I commemorated the beginning of autumn last week with an article centered on an 1899 poem by William Thomas Saward published in The Girl’s Own Paper. That poem, titled Solitude, described the vitality of the season of fall:
For be it autumn, or be it spring, Some flowers will bloom, and some birds will sing!
As we turn the calendar from September to October, the first of two fully-autumn months, I again turn to The Girl’s Own Paper – this time the October 1, 1898 issue. This poem is most fitting for the season – so fitting that its name is Autumn. It is authored by a poet with the initials “V.R.” – you will find Autumn, reproduced in its entirety, below.
Radiant sunsets garnered Through the bygone year From earth's deep bosom, Slowly now appear. Rainbow glories flooding Forest, hill and vale, With a ruby lustre And an amber pale. Now the forest minister Trembles as each chord Swells the rocking pine trees On the wind's keyboard. Till the music endeth In an accent drear Wailing out a requiem To the dying year. Earth her treasures gathered From the seasons past. Heapeth them an off'ring On an altar vast! Till the fires of Heaven Catch the ascending glow. And the heart of Heaven Into earth doth flow. Where is now the glory? Where is Autumn's glow? Passed into a furnace Working deep below. Forging through the darkness Gems surpassing fair, That the coming springtime In her crown shall wear!
Garner—heart—the sunsets Of thy passing years. Bygone strains of music, Remembered but in tears. Till thy sorrow's—silent, Alchemy transmute. And each broken reed of song Grows into a flute.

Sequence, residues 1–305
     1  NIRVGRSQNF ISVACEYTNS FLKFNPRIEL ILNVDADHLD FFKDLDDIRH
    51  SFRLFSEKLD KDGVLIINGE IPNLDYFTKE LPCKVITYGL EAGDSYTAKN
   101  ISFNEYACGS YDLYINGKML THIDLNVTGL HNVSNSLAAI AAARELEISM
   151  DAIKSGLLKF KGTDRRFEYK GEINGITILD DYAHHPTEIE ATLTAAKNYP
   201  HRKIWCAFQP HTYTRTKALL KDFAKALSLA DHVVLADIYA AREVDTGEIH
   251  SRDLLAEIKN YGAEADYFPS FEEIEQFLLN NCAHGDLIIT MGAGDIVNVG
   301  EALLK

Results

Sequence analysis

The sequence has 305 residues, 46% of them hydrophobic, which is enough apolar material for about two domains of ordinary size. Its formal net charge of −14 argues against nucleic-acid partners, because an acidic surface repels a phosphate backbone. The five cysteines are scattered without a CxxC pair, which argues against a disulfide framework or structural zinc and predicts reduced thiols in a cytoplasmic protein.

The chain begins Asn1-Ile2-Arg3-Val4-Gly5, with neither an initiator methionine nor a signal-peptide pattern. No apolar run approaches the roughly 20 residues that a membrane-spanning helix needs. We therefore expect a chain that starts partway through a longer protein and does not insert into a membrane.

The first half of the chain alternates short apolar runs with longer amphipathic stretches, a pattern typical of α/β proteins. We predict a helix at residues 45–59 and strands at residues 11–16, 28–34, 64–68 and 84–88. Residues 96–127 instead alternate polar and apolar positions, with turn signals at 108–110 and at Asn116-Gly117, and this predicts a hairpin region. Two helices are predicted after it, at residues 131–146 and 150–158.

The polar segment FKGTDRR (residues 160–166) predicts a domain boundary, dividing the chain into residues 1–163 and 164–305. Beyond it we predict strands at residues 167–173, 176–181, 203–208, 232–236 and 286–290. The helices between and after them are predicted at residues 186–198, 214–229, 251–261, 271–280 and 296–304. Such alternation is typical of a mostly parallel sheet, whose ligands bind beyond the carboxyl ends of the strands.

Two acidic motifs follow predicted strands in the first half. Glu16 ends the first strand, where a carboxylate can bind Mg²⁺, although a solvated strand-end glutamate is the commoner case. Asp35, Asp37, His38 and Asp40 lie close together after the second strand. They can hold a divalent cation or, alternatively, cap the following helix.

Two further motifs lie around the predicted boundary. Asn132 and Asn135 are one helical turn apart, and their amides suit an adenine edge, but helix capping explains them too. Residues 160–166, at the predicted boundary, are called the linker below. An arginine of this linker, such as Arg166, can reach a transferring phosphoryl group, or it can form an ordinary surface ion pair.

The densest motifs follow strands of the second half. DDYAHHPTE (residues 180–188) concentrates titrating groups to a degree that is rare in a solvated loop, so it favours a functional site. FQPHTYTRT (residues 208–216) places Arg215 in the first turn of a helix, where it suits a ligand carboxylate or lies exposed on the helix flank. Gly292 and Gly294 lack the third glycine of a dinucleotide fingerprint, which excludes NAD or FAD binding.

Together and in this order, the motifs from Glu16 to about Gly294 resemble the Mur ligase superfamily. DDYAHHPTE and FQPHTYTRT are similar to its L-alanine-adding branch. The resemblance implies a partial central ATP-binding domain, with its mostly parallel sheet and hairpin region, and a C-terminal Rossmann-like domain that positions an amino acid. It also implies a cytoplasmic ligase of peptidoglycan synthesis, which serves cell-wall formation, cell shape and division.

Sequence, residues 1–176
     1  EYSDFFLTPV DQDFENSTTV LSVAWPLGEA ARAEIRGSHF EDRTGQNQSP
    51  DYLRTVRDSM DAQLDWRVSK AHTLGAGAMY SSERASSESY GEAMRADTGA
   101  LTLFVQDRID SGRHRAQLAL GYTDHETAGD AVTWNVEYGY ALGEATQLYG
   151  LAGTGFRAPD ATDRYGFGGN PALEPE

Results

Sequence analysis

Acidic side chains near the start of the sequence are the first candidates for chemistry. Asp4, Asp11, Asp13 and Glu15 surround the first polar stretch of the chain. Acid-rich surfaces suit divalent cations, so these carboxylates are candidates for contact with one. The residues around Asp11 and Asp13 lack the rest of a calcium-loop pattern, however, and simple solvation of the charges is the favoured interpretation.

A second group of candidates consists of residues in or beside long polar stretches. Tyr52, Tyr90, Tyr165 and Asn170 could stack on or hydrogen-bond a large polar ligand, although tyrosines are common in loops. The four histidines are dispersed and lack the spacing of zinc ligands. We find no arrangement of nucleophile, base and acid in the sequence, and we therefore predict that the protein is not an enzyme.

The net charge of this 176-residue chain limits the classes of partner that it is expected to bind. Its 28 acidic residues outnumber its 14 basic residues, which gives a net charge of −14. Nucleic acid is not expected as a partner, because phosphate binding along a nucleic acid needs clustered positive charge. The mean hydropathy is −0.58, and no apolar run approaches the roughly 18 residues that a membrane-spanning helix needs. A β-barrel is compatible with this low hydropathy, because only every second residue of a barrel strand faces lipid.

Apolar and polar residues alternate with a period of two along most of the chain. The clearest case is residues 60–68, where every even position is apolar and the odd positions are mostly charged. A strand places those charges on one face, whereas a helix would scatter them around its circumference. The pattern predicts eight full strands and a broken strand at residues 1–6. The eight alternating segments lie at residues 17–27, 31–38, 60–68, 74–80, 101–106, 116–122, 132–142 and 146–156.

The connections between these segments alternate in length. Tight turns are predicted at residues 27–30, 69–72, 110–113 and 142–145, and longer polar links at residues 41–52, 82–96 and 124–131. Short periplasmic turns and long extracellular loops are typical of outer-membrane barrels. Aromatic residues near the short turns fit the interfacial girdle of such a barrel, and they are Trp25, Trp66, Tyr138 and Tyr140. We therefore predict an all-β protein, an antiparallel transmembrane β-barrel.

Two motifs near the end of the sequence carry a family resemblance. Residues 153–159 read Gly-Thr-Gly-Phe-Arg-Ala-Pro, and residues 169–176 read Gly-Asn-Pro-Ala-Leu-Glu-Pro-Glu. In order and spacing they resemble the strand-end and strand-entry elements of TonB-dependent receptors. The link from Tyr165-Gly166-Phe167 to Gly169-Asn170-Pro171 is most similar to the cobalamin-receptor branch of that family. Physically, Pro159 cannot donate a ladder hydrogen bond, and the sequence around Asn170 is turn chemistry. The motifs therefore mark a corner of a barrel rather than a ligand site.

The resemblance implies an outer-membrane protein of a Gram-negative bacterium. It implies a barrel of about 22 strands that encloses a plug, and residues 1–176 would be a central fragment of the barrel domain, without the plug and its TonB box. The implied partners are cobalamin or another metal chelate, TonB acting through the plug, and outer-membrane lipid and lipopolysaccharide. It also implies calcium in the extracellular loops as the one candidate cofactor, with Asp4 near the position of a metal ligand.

Parting Autumnal Thoughts
One theme in some of my New Leaf Journal content is looking for the unique charm of the different seasons. In Autumn – V.R. paints a distinct view of the charm of autumn. The season, we are told, is a requiem to the dying year. The poem – and especially its envoi – is a touch melancholic. But death is both an end and a beginning. It is here that V.R. states clearly the character of the fall – offering a different view than did Saward in Solitude:
Where is now the glory? Where is Autumn's glow? Passed into a furnace Working deep below
In the envoi, V.R. more broadly associates autumn with remembering the past. Yet those sunsets of earlier days and the “bygone strains of music” will invariably “transmute” – and the Sun will rise and the birds will sing again.